• As a diabetic, I used to drink a lot of diet soda, as it was about the only non-water drink I could have. Although I drank them in moderation, after years of this, I began to get headaches shortly after I drank more than about half of a diet soda. I reduced my intake, and shortly thereafter, the study was released in the news that linked the artificial phenylalanine chemical that was predominant in artificial sweeteners to many health issues due to its chemical nature. That’s when warnings began appearing on the can.
  • In 2004, my first son was born with many health problems. His non-stop screaming resulted in us being exhausted and frustrated. At just 3 weeks old, he screamed for 8 straight hours with no sleep. As a result of his condition, I was forced to supplement him with formulas. He was starving all the time, and I spent most of my day feeding him. His frequent and copious vomiting resulted in his classification as a failure to thrive, and we were on the hairy edge of being monitored for neglect. We were forced to medicate him to help control the vomiting so he could gain weight. Consults with multiple doctors and nurses left everyone baffled. When I realized he was having mild seizures, we convinced a doctor to refer us to a neurologist. By now, he was about 7 months old. Although he was on track developmentally, we were at our wits end with the screaming, vomiting, and seizures. No one would babysit, the church nursery always had me come and get him. We could hardly go anywhere. We were miserable. We knew there had to be a reason. While we were awaiting the referal, we continued to pray. After a great deal of prayer, God led S to some results from a recent water testing in the area in which we lived. While the results were within “normal” range, we saw that many of the toxins in our water were on the high end of normal. S began to do some research and found that some specific toxins in water caused a particular type of infant seizure. Symptoms of these seizures included abnormal vomiting and screaming. As an experiment, we decided to switch to bottled spring water. Just 3 days after switching water sources, it was like someone flipped a switch. EVERYTHING stopped…no screaming, no vomiting, no seizures. Just like that, he became a “normal” happy baby who began to thrive–the child that everyone knows and adores today.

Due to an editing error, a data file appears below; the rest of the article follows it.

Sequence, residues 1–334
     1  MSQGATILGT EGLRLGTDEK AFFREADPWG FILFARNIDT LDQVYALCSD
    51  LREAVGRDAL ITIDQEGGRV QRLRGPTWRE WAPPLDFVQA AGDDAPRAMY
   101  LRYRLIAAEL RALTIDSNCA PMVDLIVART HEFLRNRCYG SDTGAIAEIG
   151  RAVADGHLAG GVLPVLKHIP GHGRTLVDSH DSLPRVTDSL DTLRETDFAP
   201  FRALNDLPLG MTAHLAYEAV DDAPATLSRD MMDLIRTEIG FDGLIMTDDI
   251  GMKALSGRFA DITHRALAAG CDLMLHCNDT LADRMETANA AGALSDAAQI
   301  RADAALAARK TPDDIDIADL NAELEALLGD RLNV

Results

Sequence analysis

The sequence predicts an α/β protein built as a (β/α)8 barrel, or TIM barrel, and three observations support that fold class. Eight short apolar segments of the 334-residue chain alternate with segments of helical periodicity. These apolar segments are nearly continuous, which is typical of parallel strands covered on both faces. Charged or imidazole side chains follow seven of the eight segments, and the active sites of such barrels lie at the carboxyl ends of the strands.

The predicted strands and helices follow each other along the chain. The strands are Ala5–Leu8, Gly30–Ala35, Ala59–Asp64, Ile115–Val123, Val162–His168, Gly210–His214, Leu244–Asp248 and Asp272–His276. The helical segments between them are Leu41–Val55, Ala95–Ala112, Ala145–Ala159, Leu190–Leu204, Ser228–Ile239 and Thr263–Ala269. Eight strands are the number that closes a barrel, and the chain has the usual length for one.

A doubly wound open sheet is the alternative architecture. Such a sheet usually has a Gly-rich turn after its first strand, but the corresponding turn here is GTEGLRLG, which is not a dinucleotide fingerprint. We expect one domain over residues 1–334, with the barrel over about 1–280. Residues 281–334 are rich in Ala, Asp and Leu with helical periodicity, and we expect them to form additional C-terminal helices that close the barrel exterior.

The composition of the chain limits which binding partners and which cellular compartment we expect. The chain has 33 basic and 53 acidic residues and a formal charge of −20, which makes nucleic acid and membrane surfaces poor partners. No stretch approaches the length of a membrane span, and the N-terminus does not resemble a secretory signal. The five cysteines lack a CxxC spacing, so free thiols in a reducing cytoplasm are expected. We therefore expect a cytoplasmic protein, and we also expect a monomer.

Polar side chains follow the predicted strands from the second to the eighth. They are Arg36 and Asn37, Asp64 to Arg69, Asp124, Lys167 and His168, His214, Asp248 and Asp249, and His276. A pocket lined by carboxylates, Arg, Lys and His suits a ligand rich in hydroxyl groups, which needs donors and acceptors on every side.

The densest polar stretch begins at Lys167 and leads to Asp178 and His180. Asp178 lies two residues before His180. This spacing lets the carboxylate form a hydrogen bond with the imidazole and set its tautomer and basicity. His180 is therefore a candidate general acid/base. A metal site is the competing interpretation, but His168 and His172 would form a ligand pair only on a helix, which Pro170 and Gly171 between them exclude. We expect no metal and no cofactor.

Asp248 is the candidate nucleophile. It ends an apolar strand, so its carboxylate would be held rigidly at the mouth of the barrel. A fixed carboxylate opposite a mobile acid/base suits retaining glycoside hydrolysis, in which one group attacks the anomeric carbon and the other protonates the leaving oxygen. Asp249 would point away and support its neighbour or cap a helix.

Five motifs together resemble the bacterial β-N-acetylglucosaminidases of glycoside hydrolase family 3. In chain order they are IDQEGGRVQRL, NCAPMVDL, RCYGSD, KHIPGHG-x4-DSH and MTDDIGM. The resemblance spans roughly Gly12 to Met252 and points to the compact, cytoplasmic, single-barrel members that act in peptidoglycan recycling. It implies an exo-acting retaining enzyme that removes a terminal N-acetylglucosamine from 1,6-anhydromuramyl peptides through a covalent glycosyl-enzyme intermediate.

• When JR was about 18 months old, he had a severe allergic reaction to penicillin. The reaction was so severe, the doctor ordered that we remove every trace of penicillin from his environment for one week to get it completely out of his system. This involved switching to all organic dairy products (organic animals cannot be fed antibiotics). After a week or so, JR was fine, but this led me to begin researching the benefits of organic.
  • At the same time, I was having multiple infections. Although it was common for diabetics to have such infections, I didn’t have a history of it and I didn’t fit the profile of the diabetic who typically gets them. We were also working with service dogs and it seemed like every puppy that came into our house got sick. We watched one who almost died after being with me only 3 days. The only common denominator was the water. We switched the dogs to spring water, and I began to take brief showers instead of baths. The pups quit getting sick and my infections diminished significantly.
  • As a precaution, when we moved shortly thereafter, we purchased and installed special filters for our tap water and our showerheads. Amazingly, my infections were eliminated.
  • In 2006, I began to itch with no explanation. It started in my joints, and spread up and down my arms and legs. It was like my skin was crawling. If I scratched, I broke out in hives and left huge red welts. It was the strangest thing. I evaluated my diet and living conditions. We were in a new area, so I assumed I was having an allergic reaction to something. Since I had no history of allergies though, I was puzzled. I saw two doctors, one being an allergist, who, again, blamed it on my diabetes. I wouldn’t believe that. My sugars were good, I was healthy, and I had NEVER heard of itching and hives as a diabetic complication. They put me on an antihistamine and told me I would likely be on it the rest of my life. The meds controlled the itch and at least let me sleep, but everytime I tried to wean myself off, I started itching again. Remembering what I had learned with JR’s organic experience, we decided to experiment. We switched to a more natural, somewhat organic diet. Amazingly, the day we officially switched our diet was the last pill I had to take. I have never had another issue with itching and hives. We are convinced it was a build up of chemicals in my body.